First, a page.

by Dana George | Updated July 19, 2021 - First published on March 25, 2021
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Avoid these four mistakes when you sell and you'll end up with more in your bank account.
Now is undoubtedly an exciting time to be a home seller. Buyers are out in droves thanks to low interest rates, and it's not at all unusual for a home to sell over the asking price. If you decide now is the right time to sell, you want to get every dollar out of your property. Unfortunately, there are several ways home sellers sabotage themselves. Before you put your house on the market, make sure you're not tempted to make any of these mistakes.
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Most of us know at least one real estate agent, and many of us feel an obligation to hire them when it's time to sell our home. The problem with hiring someone out of obligation is that they may be the wrong person for the job -- especially if they only tell you what you want to hear. For example, they may tell you that you should list your home at a price you've decided to shoot for, even if it's unrealistic.
Getting top dollar is more likely when your house is priced accurately and doesn't linger on the market. If nothing else, interviewing three different agents gives you a general idea of how much your home is worth in today's market. If two agents give you a similar estimate, but the third is out in left field, it may be a red flag. Some agents -- anxious to sell a home quickly -- underprice a property. Others artificially inflate the value in order to woo the homeowners and get the listing. These are the same agents who come back to you two weeks later to say you need to lower the price.
Choosing someone to sell your home is a business decision. You want an agent who is honest with you, even when they're saying something you don't want to hear. Don't be afraid to ask for references -- former clients who have used the agent to list their properties. Give those references a call to gain any insights they may have.
Finding the best real estate agent is the difference between selling your home at a fair price and allowing it to idle on the market. That can raise red flags for potential buyers who wonder why it hasn't sold yet.
No matter how competitive the housing market is in your neighborhood, there is no reason to spend more on upgrades than may not increase your home's value. It tends to be the small investments that make the biggest impact. Remodeling a room may wow people, but you can't expect a buyer to be so blown away by upgrades that they're willing to pay more than the house is worth in the current market.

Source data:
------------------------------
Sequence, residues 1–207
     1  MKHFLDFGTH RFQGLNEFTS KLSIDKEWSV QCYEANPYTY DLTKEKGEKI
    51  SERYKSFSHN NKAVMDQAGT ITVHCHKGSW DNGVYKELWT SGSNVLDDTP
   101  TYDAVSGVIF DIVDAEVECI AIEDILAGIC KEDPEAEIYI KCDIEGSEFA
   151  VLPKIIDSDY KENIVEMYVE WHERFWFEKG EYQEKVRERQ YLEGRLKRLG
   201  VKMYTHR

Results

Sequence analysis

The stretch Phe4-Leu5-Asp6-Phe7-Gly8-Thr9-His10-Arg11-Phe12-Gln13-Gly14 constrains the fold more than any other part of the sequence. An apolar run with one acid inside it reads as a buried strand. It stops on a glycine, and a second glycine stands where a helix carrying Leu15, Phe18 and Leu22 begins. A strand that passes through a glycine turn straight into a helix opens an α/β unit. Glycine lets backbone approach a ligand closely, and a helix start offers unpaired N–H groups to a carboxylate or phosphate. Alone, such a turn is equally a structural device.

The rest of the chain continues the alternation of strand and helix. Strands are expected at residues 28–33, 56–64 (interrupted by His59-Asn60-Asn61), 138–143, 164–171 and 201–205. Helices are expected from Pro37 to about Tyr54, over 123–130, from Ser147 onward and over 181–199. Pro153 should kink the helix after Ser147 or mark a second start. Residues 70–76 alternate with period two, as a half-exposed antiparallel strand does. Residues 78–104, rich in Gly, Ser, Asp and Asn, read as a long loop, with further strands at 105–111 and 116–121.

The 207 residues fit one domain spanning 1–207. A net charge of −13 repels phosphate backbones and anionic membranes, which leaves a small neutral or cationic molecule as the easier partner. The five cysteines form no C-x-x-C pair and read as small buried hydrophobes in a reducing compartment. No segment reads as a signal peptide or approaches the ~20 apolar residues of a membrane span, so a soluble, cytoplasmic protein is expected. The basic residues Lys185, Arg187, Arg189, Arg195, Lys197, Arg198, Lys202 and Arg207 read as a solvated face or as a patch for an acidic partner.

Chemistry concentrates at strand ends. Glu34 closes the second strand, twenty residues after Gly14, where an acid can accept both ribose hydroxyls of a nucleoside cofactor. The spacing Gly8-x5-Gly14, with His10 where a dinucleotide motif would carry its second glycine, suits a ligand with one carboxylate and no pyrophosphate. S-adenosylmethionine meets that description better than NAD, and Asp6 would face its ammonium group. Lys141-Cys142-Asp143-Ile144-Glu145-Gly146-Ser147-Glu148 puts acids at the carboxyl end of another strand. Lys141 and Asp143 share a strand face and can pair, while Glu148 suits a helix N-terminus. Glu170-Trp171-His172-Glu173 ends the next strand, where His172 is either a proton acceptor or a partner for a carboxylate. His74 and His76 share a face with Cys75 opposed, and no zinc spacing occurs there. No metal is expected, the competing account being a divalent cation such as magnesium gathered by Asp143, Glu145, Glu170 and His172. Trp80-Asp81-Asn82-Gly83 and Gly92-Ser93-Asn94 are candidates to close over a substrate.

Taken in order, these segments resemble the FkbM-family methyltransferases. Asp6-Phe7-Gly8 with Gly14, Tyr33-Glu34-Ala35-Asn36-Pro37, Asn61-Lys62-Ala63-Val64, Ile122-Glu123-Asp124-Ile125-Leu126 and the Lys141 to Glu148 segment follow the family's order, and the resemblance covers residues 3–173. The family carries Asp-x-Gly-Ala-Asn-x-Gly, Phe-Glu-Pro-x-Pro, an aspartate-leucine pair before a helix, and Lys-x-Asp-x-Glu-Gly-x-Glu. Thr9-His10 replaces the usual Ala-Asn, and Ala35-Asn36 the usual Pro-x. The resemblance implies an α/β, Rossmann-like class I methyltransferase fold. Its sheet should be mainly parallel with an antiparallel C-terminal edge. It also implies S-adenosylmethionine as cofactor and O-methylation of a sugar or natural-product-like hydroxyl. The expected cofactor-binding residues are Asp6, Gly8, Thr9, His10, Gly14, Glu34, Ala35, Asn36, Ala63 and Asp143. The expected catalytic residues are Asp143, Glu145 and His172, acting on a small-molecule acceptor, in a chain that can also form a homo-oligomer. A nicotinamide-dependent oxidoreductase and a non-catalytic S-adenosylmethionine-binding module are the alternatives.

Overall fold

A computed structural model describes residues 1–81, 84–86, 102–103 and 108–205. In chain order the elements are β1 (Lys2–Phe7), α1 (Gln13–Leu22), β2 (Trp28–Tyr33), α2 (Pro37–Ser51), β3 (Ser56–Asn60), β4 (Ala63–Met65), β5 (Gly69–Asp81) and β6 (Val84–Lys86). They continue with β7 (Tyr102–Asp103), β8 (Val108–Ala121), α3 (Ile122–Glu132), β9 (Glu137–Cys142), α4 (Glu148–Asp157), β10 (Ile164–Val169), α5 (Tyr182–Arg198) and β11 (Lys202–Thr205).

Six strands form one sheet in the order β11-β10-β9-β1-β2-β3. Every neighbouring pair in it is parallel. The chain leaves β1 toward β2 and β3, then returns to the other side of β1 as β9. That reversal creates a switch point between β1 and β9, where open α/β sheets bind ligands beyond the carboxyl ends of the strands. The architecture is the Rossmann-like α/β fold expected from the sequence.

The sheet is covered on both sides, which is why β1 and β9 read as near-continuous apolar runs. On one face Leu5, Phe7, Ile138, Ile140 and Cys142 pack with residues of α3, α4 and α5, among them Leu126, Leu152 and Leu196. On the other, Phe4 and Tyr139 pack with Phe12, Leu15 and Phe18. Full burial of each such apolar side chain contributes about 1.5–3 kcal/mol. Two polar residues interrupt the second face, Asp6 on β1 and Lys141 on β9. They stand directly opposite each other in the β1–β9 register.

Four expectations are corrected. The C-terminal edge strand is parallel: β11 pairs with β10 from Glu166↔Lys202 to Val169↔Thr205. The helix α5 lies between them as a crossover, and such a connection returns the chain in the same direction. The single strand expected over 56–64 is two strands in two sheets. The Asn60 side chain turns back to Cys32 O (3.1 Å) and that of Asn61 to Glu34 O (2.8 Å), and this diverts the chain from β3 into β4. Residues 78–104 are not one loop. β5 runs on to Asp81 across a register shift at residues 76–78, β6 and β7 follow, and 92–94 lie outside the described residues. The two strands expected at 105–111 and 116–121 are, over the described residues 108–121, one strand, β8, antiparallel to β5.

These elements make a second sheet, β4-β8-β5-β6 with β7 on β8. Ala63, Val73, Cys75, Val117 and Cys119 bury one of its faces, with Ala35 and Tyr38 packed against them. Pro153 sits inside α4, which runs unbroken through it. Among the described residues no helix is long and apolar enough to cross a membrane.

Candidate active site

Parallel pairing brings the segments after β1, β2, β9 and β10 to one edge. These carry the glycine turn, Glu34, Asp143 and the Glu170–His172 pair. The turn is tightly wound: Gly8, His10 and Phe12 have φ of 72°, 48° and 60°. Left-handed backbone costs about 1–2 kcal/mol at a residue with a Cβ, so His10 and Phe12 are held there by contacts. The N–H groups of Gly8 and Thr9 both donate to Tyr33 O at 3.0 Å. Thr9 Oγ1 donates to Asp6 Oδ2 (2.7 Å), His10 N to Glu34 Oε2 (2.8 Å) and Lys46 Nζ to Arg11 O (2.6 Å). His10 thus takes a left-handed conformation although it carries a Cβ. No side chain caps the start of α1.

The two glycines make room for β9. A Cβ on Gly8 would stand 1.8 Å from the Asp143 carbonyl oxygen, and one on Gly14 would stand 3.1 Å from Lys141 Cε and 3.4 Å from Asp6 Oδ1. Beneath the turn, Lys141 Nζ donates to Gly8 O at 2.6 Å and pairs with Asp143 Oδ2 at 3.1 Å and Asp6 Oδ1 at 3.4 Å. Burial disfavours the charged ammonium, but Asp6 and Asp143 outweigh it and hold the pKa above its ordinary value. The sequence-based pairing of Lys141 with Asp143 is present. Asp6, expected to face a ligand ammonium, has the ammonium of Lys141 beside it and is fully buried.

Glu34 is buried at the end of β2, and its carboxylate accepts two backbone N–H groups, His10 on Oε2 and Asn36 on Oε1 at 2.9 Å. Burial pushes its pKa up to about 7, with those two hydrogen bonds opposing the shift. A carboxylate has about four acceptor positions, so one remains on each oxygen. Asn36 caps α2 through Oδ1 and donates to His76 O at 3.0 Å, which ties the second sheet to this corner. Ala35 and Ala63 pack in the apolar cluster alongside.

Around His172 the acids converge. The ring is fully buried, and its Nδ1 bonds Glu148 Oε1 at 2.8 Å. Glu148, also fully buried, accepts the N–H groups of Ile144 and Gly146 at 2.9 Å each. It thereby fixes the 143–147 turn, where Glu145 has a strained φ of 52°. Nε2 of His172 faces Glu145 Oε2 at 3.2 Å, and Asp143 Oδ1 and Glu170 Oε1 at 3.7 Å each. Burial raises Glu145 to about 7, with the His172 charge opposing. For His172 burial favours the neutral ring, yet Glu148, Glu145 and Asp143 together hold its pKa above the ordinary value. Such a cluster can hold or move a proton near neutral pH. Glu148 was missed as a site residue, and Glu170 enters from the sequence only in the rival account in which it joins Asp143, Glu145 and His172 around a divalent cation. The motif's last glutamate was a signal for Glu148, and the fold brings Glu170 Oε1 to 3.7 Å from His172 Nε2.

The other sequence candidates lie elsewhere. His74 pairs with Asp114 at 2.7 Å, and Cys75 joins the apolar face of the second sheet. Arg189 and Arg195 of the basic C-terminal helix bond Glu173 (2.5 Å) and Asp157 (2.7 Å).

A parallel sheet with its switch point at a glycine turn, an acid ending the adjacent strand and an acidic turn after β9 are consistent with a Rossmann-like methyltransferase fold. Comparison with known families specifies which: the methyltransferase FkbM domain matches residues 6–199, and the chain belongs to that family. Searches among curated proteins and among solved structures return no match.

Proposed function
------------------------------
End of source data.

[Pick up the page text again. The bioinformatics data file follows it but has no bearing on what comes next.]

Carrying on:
Getting a house ready to go on the market is a balancing act. Some affordable improvements that make sense include:
Other small efforts pay off, too. For example, you could:
The goal is to neutralize, clean, and make it easy for a buyer to imagine their belongings in the space. It's easier for them to do that if they're not busy calculating how much time, effort, and money it will take to get the property up to snuff. Think about what small tasks you could do to accomplish this rather than taking on large renovations.
If you're selling your home while also in the market for a new residence, you may be tempted to make a contingent offer. That's when you make an offer on a home with conditions attached. Let's say you happen across the home of your dreams before your current house sells. You make an offer, but it includes a contingency that you must sell your current home before you can close on the new property.
While there's nothing inherently wrong with contingencies, falling in love with another house before selling your own can lead to bad business decisions. Maybe you accept a lowball offer or agree to make costly changes to your current property simply so you can put the sale behind you. Or perhaps you offer to pay more for the new property than it's worth if they agree to extend the contingency period.
Again, there is nothing fundamentally wrong with contingencies, as long as you can separate your emotions from the financial business at hand.
Although there are some exceptions, most people need to live in their home for at least two years to protect up to $250,000 from capital gains tax ($500,000 if you're married filing jointly). Imagine you're single and purchased your home 18 months ago for $500,000. You put 20% down and borrowed $400,000. You've been paying extra toward your mortgage each month, while at the same time, home prices in your area have skyrocketed. You now owe $325,000, but your house is worth $560,000.
Selling now could cost you. That's because you'll have to pay capital gains tax based on the difference between the amount you paid for the house (including any closing costs) and the amount you received when you sold the property (minus any fees paid). The amount you owe can range from 0% to 20%, depending on your filing status and income. If you're getting close to the two-year mark and can postpone selling your home, you might just end up with more money in your pocket.
Ideally, you'll look back on the sale of your home fondly, knowing that you did everything within your power to squeeze every last penny out of the transaction. The more you make on this house, the more you'll have to contribute to your savings account.
Chances are, interest rates won't stay put at multi-decade lows for much longer. That's why taking action today is crucial, whether you're wanting to refinance and cut your mortgage payment or you're ready to pull the trigger on a new home purchase.
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